The perfect storm of market conditions in San Carlos is leading to some questionable tactics and dilemmas in certain transactions. Buyers that fully understand some of these pitfalls will be in a much better position to protect themselves against these unfortunate positions. My feeling is that this storm has been brewing for some time, but here are the ingredients for our current market:
(1) Extremely low inventory
(2) Interest rates at record lows and loans guidelines which have been loosened since last year
(3) A flood of buyers into the San Carlos market, believing they have waited long enough for the bottom to hit and now want in
(4) Multiple offers are back….not quite the same way they used to be, but they are back nonetheless
(5) On the realtor side, the number of transactions for San Carlos is down 34% over the high in previous years. The result: fewer realtors completing transactions, and those who are completing transactions are doing fewer of them.
(6) Frustration on all sides. Buyers are frustrated with a lack of inventory, sellers are frustrated with lower values and realtors are frustrated with the lack of transactions.
All of the above factors, when mixed together, create the perfect storm for some situations that buyers should be aware of:
The Forced Offer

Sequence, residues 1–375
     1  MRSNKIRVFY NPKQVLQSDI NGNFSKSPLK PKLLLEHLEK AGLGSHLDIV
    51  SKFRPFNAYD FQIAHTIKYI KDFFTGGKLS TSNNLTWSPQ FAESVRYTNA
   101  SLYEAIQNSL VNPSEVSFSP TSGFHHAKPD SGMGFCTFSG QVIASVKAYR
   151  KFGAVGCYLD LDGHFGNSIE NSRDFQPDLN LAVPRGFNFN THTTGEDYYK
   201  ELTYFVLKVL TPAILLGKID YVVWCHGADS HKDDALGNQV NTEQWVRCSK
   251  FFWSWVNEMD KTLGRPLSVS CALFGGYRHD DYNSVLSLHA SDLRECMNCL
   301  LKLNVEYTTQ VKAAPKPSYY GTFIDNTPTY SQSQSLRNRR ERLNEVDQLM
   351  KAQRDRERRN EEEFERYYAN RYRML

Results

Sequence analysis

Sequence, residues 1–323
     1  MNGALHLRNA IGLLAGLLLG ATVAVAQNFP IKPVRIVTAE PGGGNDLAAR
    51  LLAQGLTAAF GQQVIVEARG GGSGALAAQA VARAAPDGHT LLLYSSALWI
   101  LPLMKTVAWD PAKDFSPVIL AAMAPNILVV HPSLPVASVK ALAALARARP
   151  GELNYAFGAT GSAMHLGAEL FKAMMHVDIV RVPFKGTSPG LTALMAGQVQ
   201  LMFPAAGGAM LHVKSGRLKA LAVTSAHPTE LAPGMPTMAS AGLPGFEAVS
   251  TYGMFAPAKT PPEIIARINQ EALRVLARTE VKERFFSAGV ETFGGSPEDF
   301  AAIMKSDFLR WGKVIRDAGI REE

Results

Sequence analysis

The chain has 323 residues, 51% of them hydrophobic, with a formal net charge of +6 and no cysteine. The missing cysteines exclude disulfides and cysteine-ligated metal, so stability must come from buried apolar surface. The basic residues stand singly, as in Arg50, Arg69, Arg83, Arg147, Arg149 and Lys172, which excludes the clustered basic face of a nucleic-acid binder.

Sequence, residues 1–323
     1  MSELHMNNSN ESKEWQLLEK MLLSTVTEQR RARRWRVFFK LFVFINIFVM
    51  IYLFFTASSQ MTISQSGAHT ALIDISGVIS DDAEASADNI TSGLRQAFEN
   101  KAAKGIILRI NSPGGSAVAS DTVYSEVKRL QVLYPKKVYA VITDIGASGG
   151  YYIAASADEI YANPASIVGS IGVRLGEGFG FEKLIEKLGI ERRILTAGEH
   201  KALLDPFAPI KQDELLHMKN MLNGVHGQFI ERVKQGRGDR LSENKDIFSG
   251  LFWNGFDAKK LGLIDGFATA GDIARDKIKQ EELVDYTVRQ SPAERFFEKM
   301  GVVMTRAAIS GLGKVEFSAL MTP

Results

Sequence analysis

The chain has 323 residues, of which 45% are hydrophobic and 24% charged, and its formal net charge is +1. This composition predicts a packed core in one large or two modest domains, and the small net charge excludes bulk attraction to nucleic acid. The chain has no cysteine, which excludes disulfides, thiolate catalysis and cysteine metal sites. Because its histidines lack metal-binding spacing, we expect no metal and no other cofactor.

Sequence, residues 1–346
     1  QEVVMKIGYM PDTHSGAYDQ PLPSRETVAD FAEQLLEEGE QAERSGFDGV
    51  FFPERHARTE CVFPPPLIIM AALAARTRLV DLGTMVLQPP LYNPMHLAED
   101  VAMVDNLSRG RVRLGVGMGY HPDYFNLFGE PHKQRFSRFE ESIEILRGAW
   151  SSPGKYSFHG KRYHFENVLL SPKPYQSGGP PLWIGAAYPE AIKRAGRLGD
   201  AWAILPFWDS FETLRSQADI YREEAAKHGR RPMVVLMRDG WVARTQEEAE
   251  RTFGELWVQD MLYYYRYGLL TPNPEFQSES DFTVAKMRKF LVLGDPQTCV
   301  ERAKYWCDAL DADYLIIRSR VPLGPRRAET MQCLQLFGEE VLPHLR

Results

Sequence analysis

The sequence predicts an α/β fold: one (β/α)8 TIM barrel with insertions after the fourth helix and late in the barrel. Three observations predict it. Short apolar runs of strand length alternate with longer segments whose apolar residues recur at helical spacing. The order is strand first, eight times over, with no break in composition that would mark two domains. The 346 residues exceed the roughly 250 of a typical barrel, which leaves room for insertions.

When a listing agent realizes that there will be interest from more than one prospective buyer, they will usually set a date to hear the offers on a property. 99% of the time your agent will show up with the offer in hand, at the time and date specified and be able to present the offer. Now, let’s take the perfect storm above and say that there is one prospective buyer who has lost patience with the process and an overly aggressive agent that tells his clients the old line “all offers must be presented to the seller within a reasonable amount of time, as dictated on the offer.” Translation: put in an offer ahead of the date and time specified to hear the multiple offers and the listing agent has a duty to present that offer ahead of time. Some agents will refuse to show the offer to the client because their reputation in the real estate community will be on the line…..and they are correct, however, they still have a duty to show the offer to their clients. The best way to handle this is to inform the sellers that in the event someone forces an offer on them prior to the multiple offer date, they can view the offer, but have an understanding that they should not respond until after all of the offers have been heard. The problem is that sometimes the forced offer is so attractive that the seller is afraid that particular buyer will not wait around and ends up wanting to accept the offer. The listing agent will ultimately need to abide by his client’s wishes and allow them to sign the offer. Meanwhile, the other buyers waiting to present their offer on the specified date will be out of luck, as the property will have been sold.